An Ode to Kurdish Women on International Women’s Day

Originally uploaded to Washington Kurdish Institute, posted here with permissions.

By Dr. Shilan Fuad Hussain

March 8, 2022

To begin, the mosaic containing the story of Kurdish women contains many colorful tiles and a rich history that could never be fully covered in one article. However, it is my hope to provide a very brief overview here of that story, which is both equally inspiring and tragic.

First, we should recognize from the outset that for every known Kurdish heroine – whose story has been preserved and acknowledged – there are thousands if not millions of Kurdish women who have struggled on a daily basis for survival, held their families together, sacrificed everything for their children’s success, and at times risked everything as refugees to give their kids a better life abroad. For instance, many Kurds who graduate from university in the diaspora, often recount how their mother carried them on their back through deserts, while fleeing bombs or poisonous gas.

These heroic Kurdish women, of which there are too many to name, often exist in silence, amidst a patriarchal society that devalues their wisdom, and views them as instruments of domestic productivity, rather than the complex and brilliant women they are. Smart, savvy, and stoic, they are often taken for granted, and considered inferior and weak when compared to men. The main glue that holds the male-controlled structure together is an ideology which links family honor, to female virtue and purity. 

At the same time, Kurdish women are often hailed for their strength abroad by non-Kurds, but we must acknowledge that this fierce will to never give up comes at a very high cost, and we are usually only seeing the survivors. For every Kurdish woman who has defied a dictator or taken up arms to defend her village, there is also an unknown Kurdish woman who was married off at a young age and can never achieve her personal or professional dreams.

The Kurdish culture itself is a beautiful garden with many flowers, containing wonderful music, communal spirit, and rich traditions of respect and kinship – but that garden also has weeds that must be removed, such as honor killings and female genital mutilation – which oppress Kurdish women and girls.

Yet, despite all of these obstacles, Kurdish women have risen to the top of Kurdish society and inspired millions across the world in the process. In fact, Kurds may be one of the few ethnicities in the world, where an outsider abroad thinks of the women first, rather than the men, at first mention. And this is not an accident, as that reputation has been gained through decades of resistance, politically, but also culturally and socially.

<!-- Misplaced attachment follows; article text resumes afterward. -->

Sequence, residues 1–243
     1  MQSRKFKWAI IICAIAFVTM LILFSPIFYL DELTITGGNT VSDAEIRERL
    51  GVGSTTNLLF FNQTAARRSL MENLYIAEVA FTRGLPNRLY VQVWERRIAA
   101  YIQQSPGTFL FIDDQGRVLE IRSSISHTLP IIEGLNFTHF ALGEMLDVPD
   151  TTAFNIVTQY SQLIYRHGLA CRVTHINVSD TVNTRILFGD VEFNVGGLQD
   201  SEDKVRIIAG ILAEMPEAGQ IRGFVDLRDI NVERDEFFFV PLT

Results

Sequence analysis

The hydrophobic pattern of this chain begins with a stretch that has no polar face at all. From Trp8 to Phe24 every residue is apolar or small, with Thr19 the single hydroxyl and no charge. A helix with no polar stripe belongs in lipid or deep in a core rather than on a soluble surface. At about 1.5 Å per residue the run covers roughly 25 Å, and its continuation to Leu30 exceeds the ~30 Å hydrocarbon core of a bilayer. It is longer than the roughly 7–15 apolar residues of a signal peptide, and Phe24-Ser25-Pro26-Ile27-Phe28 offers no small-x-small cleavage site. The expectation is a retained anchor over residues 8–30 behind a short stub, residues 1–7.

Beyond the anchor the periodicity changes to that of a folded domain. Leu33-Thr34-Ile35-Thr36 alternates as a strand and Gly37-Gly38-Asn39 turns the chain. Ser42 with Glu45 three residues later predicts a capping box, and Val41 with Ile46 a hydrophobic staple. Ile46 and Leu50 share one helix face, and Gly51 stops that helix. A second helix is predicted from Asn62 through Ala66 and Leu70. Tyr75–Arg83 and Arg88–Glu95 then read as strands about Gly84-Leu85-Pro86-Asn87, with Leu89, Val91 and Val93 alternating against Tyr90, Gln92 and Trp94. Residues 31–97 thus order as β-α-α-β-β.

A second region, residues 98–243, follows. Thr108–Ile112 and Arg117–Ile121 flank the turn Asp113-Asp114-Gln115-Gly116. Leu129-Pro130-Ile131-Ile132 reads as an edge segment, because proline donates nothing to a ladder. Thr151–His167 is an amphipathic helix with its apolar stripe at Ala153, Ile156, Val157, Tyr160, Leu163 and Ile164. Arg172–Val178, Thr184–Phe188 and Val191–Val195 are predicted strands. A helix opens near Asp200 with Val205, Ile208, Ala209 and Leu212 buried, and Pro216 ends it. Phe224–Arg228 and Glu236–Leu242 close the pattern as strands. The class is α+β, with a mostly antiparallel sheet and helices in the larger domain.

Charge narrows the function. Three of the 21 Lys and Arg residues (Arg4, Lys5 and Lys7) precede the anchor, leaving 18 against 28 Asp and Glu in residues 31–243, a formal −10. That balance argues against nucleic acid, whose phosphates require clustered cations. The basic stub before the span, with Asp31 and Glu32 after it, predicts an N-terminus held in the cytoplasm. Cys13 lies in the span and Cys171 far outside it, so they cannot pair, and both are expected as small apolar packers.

For instance, the recent Western interest in Kurdish women that arose from the fierce resistance of the YPJ in Rojava against ISIS, has its roots in decades of Kurdish women battling in the mountains as guerrillas and Peshmergas, all throughout the four main regions of Kurdistan. Those brave young girls in the rubble of Kobane did not just wake up one day and decide to fight for freedom, but came from a long tradition of Kurdish women who realized that the same ferocity they use to succeed in a society set out to exclude them, can be useful on the battlefield.

It is this same bravery that we continually see from Kurdish women politicians, who continue to be arrested and given long prison terms, for challenging the states which occupy Kurdistan. There is a reason why it is the Kurdish women activists and politicians who are often given such harsh sentences, or have assassins sent after them in the diaspora, and that is because the tyrants who they denounce understand their power and determination. 

Whether it is the determination of Gültan Kışanak, the former mayor of Amed, who years earlier spent 6 months sleeping in a dog cage of Diyarbakir Prison. Or the resilience of Parliamentarian Leyla Zana, who spent a decade in prison for calling for brotherhood between Kurds and Turks in the illegal Kurdish language.  What we continually see are extraordinary women who have not let themselves be confined by the structures meant to restrain them.

Oftentimes this same heroism is personified in heroic Kurdish women who become martyr figures. Whether it is the activist Leyla Qasim, who defied the dictator Saddam Hussein, and was arrested, tortured, and executed by hanging following a nationwide televised show trial, and is now seen as a national hero. Or Arin Mirkan, a mother of two, who when she found herself surrounded by ISIS fighters in the Battle of Kobane, detonated herself under their tank rather than be taken prisoner, and is now seen as a feminist hero around the world. Or Hevrin Khalaf, a skilled diplomat, who was building ethnic bridges between Kurds, Arabs, Armenians, and Assyrians in Syria, when she was pulled from her vehicle and executed by extremists who wanted her silent and locked inside a burqa. What we see are Kurdish women who when met with injustice, stood up and said enough! And it is this moral fire that often makes Kurdish women special and known around the world.